During this period, the sample flows across a nitrocellulose membrane and an antifetal fibronectin antibody in the membrane flows with the sample. This antifetal fibronectin antibody, which is mouse obtained, forms an antigen-antibody complex with the fetal fibronectin in the sample, and this complex crosses a zone on its flow path containing a second antifetal fibronectin antibody. A reaction between the flowing antigen-antibody complex and the immobilized antibody forms a visible line. The sample flow then continues and crosses a second zone containing immobilized antimouse antibody, which then reacts with the unbound mouse derived antifetal fibronectin conjugate and forms a second visible line, serving as an assay control.

Precautions taken before obtaining the specimen were centered on excluding factors that may interfere with the interpretation of results. These factors include sexual intercourse, digital cervical examination, transvaginal ultrasonography, douching, and vaginal suppository use in the prior 24 h of presentation.[23]

Interpretation of results

The rapid fetal fibronectin test was positive if two lines were observed, whereas the test was negative if only the control line appears. It is invalid if no lines appeared or the control line was absent. The test result was concealed from the women and the attending physician. Management was at the discretion of the attending physician.

Consent

Informed and written consent was obtained from all the subjects who participated in this study. This study confined to the standards of declarations of Helsinki.

Statistical analysis

All statistical analyses were performed using IBM-SPSS® version 22.0 (IBM Corp., Armonk, NY, USA, 2011). Numerical parametric variables were presented as mean ± standard deviation (SD), numeric nonparametric variables were presented as median and interquartile range, whereas categorical variables were presented as frequencies and percentages (%). Chi-square or Fisher's exact tests were used for categorical outcomes. Student's t-test was used for comparison between groups for variables which were normally distributed, while Mann–Whitney U-test was used for skewed data. A two-sided P value <0.05 was considered significant. The diagnostic accuracy of qualitative cervicovaginal FFT in predicting preterm birth was determined using sensitivity, specificity, negative predictive value (NPV), and positive predictive value (PPV). Furthermore, the predictive power was assessed utilizing the area under the receiver operating characteristic (ROC) curve, likelihood ratios (LR), accuracy and diagnostic odds ratio (DOR).


  Results Top


A total of 182 women were included in the final statistical analysis of this study. The mean maternal ages of the subject groups who had preterm and term deliveries were 32.27 years ± 5.55 SD and 30.89 years ± 5.05 SD, respectively, whereas the combined mean maternal age for both groups was 30.98 years ± 5.089 SD with an age range of 18–42 years as shown on [Table 1]. A greater proportion (38.50%) of the subjects were traders; all (100%) of the subjects were married; a greater proportion (73.60%) of the subjects was booked and majority (91.80%) of the subjects were ethnic Yoruba's [Table 2].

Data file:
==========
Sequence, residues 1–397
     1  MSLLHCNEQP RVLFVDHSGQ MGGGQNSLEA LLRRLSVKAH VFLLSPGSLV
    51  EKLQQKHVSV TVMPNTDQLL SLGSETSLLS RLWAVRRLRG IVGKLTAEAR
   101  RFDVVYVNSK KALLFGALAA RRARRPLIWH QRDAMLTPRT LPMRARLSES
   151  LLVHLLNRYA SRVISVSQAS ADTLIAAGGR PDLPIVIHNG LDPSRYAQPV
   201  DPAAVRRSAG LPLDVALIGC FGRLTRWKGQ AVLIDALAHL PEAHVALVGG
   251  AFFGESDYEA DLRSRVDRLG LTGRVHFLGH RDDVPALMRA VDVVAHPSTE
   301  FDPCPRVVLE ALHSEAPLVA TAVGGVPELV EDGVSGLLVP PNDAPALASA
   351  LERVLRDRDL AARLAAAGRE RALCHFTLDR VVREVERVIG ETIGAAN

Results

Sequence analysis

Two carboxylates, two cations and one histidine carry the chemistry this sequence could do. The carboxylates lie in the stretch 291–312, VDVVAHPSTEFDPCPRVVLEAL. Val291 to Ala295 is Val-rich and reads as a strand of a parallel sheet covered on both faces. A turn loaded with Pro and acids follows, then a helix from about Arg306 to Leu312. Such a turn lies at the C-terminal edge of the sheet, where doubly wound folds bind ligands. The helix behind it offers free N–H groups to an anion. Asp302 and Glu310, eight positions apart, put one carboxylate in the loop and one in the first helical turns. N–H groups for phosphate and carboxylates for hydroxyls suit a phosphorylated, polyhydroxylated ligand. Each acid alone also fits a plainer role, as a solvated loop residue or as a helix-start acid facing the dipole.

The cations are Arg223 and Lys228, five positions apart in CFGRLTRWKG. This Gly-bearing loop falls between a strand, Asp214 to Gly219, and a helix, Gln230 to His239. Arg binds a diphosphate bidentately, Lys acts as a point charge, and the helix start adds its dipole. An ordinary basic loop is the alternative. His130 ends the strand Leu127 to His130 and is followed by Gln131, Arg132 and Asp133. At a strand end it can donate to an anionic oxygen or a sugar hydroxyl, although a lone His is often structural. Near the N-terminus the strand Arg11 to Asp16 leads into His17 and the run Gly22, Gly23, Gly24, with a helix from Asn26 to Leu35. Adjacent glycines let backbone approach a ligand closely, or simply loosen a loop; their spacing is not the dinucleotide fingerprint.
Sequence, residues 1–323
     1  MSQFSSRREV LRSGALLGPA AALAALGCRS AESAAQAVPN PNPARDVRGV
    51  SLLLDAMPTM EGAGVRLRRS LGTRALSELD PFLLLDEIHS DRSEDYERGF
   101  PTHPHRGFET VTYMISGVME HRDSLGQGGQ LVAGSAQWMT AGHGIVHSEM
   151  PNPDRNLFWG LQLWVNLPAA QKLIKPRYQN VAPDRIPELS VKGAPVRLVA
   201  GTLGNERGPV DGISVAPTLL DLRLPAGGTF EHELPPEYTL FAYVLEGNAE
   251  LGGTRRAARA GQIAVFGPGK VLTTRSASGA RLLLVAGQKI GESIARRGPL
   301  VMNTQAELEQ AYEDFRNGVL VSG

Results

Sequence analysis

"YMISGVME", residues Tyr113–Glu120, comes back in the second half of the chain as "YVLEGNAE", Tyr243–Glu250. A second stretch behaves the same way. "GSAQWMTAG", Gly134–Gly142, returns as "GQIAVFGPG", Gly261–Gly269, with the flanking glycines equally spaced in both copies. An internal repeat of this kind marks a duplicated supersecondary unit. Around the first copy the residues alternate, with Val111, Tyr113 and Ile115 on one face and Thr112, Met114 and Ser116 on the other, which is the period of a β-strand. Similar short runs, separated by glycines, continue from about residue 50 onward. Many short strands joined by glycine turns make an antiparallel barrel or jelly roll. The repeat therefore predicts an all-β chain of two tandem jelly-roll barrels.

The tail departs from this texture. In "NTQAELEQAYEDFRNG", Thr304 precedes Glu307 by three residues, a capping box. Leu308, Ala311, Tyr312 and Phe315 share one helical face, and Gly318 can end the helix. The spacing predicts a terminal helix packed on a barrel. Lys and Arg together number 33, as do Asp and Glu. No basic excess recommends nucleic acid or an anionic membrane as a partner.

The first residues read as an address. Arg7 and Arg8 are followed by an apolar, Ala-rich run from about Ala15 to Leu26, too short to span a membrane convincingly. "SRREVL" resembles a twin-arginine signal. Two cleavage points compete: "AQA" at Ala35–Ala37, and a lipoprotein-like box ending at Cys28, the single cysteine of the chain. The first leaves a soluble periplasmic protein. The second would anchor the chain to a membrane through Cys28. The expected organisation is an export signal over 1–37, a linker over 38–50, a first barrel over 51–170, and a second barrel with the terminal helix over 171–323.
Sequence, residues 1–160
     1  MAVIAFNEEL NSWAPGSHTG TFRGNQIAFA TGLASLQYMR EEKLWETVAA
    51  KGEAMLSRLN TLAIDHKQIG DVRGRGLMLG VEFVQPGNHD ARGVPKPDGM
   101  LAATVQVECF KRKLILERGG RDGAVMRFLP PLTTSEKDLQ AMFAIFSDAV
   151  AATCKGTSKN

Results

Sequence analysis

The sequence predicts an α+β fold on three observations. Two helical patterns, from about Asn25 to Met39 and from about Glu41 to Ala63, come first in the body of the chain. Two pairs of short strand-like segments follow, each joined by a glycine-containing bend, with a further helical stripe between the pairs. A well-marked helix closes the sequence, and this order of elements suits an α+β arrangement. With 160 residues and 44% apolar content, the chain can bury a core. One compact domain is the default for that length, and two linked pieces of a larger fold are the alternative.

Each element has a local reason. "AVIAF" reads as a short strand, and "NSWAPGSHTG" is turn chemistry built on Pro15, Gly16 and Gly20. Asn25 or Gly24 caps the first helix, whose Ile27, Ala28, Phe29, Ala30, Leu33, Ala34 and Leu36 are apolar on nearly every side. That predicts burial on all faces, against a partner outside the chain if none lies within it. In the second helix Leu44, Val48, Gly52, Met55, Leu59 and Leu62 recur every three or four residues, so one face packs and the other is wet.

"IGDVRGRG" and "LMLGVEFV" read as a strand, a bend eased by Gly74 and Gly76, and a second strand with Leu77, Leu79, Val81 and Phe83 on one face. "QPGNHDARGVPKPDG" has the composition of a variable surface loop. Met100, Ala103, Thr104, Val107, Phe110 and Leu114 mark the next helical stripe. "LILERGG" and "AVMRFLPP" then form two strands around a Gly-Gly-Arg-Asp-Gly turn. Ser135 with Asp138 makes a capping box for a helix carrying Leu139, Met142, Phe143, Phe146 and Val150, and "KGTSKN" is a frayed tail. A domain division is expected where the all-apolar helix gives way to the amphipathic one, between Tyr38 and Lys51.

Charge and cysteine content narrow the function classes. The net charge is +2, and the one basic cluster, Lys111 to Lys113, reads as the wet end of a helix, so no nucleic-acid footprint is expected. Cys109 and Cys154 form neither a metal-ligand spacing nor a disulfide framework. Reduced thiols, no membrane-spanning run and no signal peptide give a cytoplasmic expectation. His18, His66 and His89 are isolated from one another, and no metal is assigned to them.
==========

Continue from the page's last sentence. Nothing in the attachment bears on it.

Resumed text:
Table 1: Background characteristics of study respondents

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Table 2: Background characteristics of study respondents

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The mean parities of the subject groups who had preterm and term deliveries were 1.55 ± 0.93 and 1.20 ± 1.15, respectively, whereas the combined mean parity for both groups was 1.23 ± 1.14 with a range of 0–5 as shown on [Table 1] and [Table 3]. The mean body mass indices (BMI) of the subject groups who had preterm and term deliveries were 26.98 ± 3.29 kg/m 2 and 28.28 ± 5.57 kg/m 2, respectively, whereas the combined mean BMI for both groups was 28.20 ± 5.46 kg/m 2 with a range of 19.30–48.50 kg/m 2 as shown on [Table 1] and [Table 3].
Table 3: Comparison of maternal characteristics between preterm and term delivery

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Only 11 (6.04%) of the 182 study participants had preterm birth (PTB) within 6 months of recruitment in the two units of our study center with a total annual birth of about 3000. This gives a calculated preterm birth rate of 7.33 per 1000 deliveries. Also, 70 women (38.46%) delivered by caesarean section, whereas 112 women (61.54%) delivered vaginally [Table 4].
Table 4: Comparison of maternal outcomes between term and preterm delivery

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A greater proportion (73.68%) of patients that delivered at term was booked and this is comparable to the proportion (72.7%) of those who delivered preterm and were booked. All patients (100%) with prior history of preterm birth and associated pregnancy-induced hypertension (PIH) delivered at term. Also, there were no significant differences between women who delivered at term and women who had PTB regarding maternal age, BMI, parity, occupation, ethnicity, mode of delivery, and mode of patient care as shown on [Table 3] and [Table 4].

Greater proportions of women with preterm (90.91%) and term (96.49%) births had negative FFT compared with 9.09% and 3.51% respectively in women who tested positive to fetal fibronectin (P > 0.05), as shown on [Table 5]. The diagnostic performance of qualitative FFN test in predicting preterm delivery showed a sensitivity and specificity of 9.09% and 96.49% respectively; a PPV and NPV of 14.29% and 94.29% respectively; a positive likelihood ratio (LR+) and negative likelihood ratio (LR-) of 2.59 (95% confidence interval, CI, 0.34–19.68) and 0.94 (95% CI, 0.78–1.14) respectively; a relative risk (RR) of 2.59 (95% CI, 0.341–19.675); a calculated accuracy of 91.21% (95% CI, 86.12%–94.89%); and an area under the ROC of 0.60 as shown on [Table 6].
Table 5: Comparison of fetal fibronectin test results between term and preterm delivery

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Table 6: Diagnostic performance of fetal fibronectin test as a predictor of preterm delivery

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  Discussion Top